The original program was created by the Twin Cities PBS as part of its ‘Minnesota Experience’ series.
By JACL Twin Cities Chapter
The JACL Twin Cities chapter has collaborated on an original documentary titled “Armed With Language,” which honors the critical role played by Nisei who trained in Minnesota at Camp Savage and Fort Snelling during World War II. The film was created by the Twin Cities PBS (TPT) as part of its “Minnesota Experience” series.
In May 1942, the highly classified Military Intelligence Service Language School was relocated from the Presidio of San Francisco to the Minneapolis/St. Paul area. More than 6,000 Nisei men and women received accelerated and intensive training as translators, interrogators and Japanese military specialists.
David Mura, a local writer, playwright and actor, narrated the documentary, and other members of the Twin Cities JACL helped to bring the stories of courage and sacrifice to life.
Karen Tanaka Lucas shared recollections about her father’s training and service in the MIS during and following WWII. Walter Tanaka was selected for the first class of MIS students to train at Camp Savage, Minn., in May 1942. Upon graduation from the MIS Language School, Tanaka was sent to the Pacific Theater, where he interrogated Japanese POWs from 1943 until the end of the war, served as a linguist and interpreter during war crime trials interviewing high-ranking Japanese military leaders in post-war Japan and played a vital link between the Japanese populace and U.S. occupation forces.
Peggy Doi recounted the experiences of her father, Bill Doi, who volunteered for the MIS while he was incarcerated at Tule Lake, along with 34 fellow incarcerees. In addition, Sally Sudo talked about her brother, Joe Ohno, who served in the MIS while she and the rest of her family were incarcerated at Minidoka, Idaho. Kimmy Tanaka, site supervisor of Historic Fort Snelling at Bdote, discussed the historical significance of the MIS.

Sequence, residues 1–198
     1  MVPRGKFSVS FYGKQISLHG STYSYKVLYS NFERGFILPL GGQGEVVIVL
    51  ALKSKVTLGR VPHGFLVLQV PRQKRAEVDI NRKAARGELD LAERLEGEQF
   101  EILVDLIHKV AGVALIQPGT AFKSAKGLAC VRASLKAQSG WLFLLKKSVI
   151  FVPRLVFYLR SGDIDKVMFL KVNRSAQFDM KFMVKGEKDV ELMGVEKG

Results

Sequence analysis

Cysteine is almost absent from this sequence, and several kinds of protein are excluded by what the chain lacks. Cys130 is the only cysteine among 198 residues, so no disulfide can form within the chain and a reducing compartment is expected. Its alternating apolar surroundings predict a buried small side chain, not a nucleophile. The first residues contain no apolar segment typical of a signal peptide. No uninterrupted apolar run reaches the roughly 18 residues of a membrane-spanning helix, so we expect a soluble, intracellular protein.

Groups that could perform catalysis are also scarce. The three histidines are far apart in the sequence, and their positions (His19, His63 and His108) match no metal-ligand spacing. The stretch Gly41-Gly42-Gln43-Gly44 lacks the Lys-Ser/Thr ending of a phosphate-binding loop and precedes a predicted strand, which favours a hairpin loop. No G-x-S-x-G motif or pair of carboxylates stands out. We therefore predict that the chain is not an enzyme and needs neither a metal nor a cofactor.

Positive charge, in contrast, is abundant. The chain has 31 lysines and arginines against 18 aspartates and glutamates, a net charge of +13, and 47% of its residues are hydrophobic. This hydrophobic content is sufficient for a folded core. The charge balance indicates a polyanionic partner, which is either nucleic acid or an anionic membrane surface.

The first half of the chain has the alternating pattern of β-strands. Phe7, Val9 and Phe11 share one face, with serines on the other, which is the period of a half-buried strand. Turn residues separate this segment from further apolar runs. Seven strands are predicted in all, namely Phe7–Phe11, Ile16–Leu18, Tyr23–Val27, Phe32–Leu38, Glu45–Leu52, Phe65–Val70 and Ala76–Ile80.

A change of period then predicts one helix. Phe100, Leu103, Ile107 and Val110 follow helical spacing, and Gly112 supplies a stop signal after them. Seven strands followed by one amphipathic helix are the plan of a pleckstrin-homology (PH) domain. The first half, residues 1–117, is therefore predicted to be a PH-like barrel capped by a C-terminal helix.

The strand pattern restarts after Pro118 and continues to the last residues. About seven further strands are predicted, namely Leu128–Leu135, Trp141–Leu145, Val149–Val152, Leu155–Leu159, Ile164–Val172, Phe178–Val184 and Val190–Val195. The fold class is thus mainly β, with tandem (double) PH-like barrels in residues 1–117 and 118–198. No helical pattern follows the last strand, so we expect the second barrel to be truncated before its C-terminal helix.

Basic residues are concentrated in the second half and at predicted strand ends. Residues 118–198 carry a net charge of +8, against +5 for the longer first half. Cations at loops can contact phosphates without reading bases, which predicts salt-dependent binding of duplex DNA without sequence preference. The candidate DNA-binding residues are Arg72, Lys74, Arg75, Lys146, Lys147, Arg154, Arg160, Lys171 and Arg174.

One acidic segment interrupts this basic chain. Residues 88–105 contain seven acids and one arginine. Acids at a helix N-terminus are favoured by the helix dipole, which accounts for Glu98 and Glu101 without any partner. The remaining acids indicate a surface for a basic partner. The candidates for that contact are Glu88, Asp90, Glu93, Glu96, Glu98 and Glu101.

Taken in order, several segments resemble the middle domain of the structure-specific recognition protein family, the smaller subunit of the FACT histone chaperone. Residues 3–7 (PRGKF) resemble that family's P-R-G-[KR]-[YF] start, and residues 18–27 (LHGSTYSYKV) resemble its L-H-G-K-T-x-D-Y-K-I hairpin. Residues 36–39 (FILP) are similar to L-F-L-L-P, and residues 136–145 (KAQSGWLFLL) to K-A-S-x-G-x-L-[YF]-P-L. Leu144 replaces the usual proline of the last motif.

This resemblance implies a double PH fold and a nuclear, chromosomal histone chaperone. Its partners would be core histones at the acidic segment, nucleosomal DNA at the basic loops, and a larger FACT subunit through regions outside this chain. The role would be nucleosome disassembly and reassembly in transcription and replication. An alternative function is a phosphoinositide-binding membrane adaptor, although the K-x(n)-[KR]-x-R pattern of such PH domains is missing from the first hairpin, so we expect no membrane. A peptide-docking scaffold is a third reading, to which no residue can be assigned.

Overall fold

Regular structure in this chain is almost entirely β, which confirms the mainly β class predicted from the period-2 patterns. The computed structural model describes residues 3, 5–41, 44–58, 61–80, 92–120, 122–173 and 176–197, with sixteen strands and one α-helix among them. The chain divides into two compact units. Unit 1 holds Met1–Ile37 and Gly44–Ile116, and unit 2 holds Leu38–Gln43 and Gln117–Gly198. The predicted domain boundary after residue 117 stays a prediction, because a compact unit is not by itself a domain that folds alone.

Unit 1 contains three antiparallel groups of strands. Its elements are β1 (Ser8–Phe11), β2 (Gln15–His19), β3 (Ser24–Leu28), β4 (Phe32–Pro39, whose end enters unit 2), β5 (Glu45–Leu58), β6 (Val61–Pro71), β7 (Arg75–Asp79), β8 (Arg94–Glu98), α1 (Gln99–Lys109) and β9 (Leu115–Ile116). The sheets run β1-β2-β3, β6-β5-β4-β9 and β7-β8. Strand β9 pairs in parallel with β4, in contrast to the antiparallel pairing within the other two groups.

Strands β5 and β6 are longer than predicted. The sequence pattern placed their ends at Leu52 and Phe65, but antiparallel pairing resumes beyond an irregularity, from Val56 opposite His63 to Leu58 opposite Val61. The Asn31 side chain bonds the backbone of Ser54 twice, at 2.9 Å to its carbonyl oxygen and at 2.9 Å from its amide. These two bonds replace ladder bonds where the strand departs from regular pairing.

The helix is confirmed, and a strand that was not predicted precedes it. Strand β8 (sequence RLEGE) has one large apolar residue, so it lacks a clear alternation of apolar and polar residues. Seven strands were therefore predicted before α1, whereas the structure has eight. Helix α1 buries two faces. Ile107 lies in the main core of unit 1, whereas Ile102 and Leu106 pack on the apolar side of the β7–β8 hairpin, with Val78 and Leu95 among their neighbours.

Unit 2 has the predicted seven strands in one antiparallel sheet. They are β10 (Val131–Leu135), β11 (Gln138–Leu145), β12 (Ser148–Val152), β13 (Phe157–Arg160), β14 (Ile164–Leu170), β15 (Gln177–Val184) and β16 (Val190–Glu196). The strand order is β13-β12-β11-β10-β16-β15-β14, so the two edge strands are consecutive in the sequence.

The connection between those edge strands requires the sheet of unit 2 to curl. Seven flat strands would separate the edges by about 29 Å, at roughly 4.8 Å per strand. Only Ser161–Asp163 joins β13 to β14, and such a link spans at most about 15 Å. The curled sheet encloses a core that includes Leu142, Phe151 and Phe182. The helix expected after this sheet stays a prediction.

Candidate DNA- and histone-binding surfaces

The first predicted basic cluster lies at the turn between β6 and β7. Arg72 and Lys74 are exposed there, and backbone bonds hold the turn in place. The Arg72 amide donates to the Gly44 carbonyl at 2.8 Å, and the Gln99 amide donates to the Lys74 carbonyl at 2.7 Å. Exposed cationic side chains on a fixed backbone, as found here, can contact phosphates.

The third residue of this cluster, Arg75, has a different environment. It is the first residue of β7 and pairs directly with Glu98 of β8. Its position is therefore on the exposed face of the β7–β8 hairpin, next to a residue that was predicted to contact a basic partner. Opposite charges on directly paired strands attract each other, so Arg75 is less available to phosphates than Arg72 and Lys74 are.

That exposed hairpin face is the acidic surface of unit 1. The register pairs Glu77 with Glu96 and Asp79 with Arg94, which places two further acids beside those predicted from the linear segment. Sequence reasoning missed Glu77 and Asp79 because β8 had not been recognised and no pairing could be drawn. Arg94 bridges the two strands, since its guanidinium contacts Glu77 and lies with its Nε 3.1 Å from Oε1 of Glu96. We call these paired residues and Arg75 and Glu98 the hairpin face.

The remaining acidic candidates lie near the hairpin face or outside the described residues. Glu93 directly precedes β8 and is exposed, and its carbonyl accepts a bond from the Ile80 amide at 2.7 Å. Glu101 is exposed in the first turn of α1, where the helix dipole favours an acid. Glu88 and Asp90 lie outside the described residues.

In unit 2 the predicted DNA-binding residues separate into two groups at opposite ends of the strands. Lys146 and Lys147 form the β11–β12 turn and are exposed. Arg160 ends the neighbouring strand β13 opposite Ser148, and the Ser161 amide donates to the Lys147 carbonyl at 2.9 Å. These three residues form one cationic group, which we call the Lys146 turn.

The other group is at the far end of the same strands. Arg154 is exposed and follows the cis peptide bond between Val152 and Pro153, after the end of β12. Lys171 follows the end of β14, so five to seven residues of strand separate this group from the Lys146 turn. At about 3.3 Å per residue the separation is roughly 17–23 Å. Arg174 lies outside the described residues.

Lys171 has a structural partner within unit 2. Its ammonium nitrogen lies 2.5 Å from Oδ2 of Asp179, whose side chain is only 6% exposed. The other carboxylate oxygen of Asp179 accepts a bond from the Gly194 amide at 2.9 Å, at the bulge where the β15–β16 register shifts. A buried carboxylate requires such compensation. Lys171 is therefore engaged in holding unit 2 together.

Also featured is James C. McNaughton, author of “Nisei Linguists: Japanese Americans in the Military Intelligence Service During World War II.” McNaughton provided the background and context for the development of the MIS, as well as recruitment and training of Nisei soldiers at the top-secret school.
The success of the Nisei who served in the highly classified MIS was not publicly known until after the records were released almost 30 years later with the Freedom of Information Act in 1972.
But the attachments of the MIS soldiers to the various units were, in some cases, not documented, so their courage and sacrifices will never be fully known.
Regarding these “unsung heroes,” Maj. Gen. Charles Willoughby stated, “The Nisei shortened the Pacific War by two years and saved possibly a million American lives.”
In addition, Gen. Douglas MacArthur acknowledged that because of the MIS, “Never in military history did an army know as much about the enemy prior to actual engagement.”
The hourlong documentary premiered in the Twin Cities on May 17. Other PBS-affiliated stations will broadcast the film. Check your local listings for more information. The film can also be streamed online at www.tpt.org.